Performance fatigability measured using an attentional task was significantly associated with perceived physical fatigue, perceived cognitive fatigue, and overall perceived fatigue. Only one previous study17 also used the response speed variability score as a measure of performance fatigability, and it too found an association between fatigability and perceived cognitive fatigue measured using the FIS. The response speed variability score was associated with perceived physical fatigue in the present study. Perhaps the nature of the CPT (in which participants sat continuously for 14 minutes without rest and used their finger to tap on the space bar continuously) contributed to the association with perceived physical fatigue. Furthermore, functional neuroimaging studies found that response variability was associated with central factors such as disruptions in the thalamocortical circuits and decreased white matter volume,38,39 which might explain the involvement of physical perceptions of fatigue.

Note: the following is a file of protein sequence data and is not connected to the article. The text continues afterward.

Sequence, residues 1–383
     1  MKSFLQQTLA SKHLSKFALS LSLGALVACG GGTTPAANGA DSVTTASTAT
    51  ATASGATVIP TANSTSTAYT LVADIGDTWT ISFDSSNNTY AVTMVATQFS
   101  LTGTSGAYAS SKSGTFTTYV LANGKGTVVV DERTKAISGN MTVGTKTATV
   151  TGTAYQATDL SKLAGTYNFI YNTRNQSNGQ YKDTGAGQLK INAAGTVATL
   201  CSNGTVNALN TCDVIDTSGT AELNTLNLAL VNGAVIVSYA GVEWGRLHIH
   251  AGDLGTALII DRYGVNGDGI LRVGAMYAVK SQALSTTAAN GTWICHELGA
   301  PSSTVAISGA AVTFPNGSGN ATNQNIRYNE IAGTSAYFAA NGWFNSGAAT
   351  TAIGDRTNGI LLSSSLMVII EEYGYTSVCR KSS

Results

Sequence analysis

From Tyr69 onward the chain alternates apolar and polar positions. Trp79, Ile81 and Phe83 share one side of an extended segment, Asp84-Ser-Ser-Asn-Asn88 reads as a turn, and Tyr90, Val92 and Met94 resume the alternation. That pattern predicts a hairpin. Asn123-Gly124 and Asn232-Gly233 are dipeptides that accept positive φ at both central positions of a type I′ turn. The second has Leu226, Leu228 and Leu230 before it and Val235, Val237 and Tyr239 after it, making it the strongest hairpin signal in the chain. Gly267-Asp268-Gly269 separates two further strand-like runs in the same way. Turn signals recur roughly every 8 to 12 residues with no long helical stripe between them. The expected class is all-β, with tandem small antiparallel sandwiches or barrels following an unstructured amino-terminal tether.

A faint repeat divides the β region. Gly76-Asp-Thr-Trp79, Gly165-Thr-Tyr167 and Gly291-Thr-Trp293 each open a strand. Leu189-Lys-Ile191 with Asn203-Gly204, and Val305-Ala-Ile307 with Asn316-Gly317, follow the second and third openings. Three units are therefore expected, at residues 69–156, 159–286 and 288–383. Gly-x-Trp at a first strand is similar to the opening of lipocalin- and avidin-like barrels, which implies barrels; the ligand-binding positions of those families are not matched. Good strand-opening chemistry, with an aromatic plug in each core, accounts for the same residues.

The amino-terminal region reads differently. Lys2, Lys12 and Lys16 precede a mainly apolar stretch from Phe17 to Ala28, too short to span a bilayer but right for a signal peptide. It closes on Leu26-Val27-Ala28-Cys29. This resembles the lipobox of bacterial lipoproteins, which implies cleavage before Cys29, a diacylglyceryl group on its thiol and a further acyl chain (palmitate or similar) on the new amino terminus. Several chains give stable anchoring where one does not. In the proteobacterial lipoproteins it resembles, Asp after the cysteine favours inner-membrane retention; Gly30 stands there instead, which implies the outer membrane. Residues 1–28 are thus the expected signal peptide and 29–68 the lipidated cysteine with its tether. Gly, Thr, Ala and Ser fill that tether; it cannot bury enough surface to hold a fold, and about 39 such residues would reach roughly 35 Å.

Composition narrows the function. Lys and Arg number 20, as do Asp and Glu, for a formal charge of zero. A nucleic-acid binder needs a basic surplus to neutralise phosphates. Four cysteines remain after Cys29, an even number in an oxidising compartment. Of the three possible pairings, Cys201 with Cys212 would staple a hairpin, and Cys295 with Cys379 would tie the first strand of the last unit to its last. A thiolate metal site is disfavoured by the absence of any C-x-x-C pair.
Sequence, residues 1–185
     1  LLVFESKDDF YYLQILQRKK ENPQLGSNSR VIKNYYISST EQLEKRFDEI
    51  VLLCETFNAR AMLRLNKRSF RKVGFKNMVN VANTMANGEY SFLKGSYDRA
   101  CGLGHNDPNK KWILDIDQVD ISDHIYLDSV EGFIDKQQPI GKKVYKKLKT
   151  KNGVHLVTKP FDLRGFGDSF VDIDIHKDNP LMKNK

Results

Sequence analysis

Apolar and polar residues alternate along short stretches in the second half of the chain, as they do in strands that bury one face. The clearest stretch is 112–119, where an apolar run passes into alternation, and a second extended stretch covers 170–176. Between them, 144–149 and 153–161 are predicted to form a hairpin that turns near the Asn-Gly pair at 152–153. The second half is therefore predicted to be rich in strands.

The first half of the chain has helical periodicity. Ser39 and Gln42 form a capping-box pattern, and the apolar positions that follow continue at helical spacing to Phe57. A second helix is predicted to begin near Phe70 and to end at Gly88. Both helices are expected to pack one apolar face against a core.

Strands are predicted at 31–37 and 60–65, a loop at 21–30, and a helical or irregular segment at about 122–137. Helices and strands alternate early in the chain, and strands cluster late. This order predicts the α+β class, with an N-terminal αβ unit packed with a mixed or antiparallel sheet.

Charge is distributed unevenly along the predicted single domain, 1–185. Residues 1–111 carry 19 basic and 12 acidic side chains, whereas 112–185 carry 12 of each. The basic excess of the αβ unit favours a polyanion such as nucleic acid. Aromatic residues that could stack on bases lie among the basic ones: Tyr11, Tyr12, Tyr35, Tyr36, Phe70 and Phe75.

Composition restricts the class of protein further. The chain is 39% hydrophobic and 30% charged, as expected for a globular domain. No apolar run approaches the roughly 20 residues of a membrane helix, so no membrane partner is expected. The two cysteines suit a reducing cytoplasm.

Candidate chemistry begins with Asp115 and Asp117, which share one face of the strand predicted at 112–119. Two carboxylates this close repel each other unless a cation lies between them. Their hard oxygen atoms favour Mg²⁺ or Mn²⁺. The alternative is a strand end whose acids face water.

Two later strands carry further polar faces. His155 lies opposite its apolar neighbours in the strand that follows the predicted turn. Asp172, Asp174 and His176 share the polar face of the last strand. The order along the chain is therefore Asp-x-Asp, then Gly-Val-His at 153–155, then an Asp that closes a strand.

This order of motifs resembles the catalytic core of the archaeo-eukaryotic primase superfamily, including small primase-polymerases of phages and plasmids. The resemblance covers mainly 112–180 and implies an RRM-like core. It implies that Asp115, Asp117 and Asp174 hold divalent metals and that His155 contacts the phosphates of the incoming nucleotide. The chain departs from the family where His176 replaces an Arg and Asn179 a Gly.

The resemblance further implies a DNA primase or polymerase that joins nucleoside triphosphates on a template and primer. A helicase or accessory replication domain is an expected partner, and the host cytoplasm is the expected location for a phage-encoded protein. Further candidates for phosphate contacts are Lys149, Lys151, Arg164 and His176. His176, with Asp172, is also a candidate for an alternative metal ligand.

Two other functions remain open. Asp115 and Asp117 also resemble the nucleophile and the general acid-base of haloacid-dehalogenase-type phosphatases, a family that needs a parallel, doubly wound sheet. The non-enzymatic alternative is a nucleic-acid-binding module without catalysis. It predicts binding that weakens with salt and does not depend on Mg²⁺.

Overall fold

Performance fatigability assessed using a physical task was not associated with perceived physical fatigue, perceived cognitive fatigue, or overall perceived fatigue. This lack of association is supported by previous studies that also failed to find an association between these constructs,15,18 but other studies have found an association between perceived physical fatigue and performance fatigability.28,40 The conflicting results may be due to different scoring and administration methods to calculate performance fatigability.15,28 Similar to the results of the present study, Leone et al.15 found no association between performance fatigability (measured using 6MWT percent change scores) and fatigue (measured using the MFIS). However, Goldman et al.28 found that higher perceived physical fatigue (measured using the MFIS) was associated with fewer meters walked on the 6MWT. Although the latter study recorded meters walked every minute, the main outcome measure used in the analysis was total meters walked, not percent change as used in the present study and in the study by Leone et al.15 Severijns et al.18 found that fatigue (measured using the MFIS) was not associated with grip fatigability in people with MS, which is consistent with the present study findings. However, a recent study by Wolkorte et al.40 found that physical fatigue measured by the MFIS was weakly associated with index finger muscle fatigability measured using a force transducer. Due to the variability in methods to assess performance fatigability and perceived fatigue in people with MS, future studies should establish a valid measure of performance fatigability in people with MS and expand use of the NFI-MS as a measure of fatigue in research and clinical settings.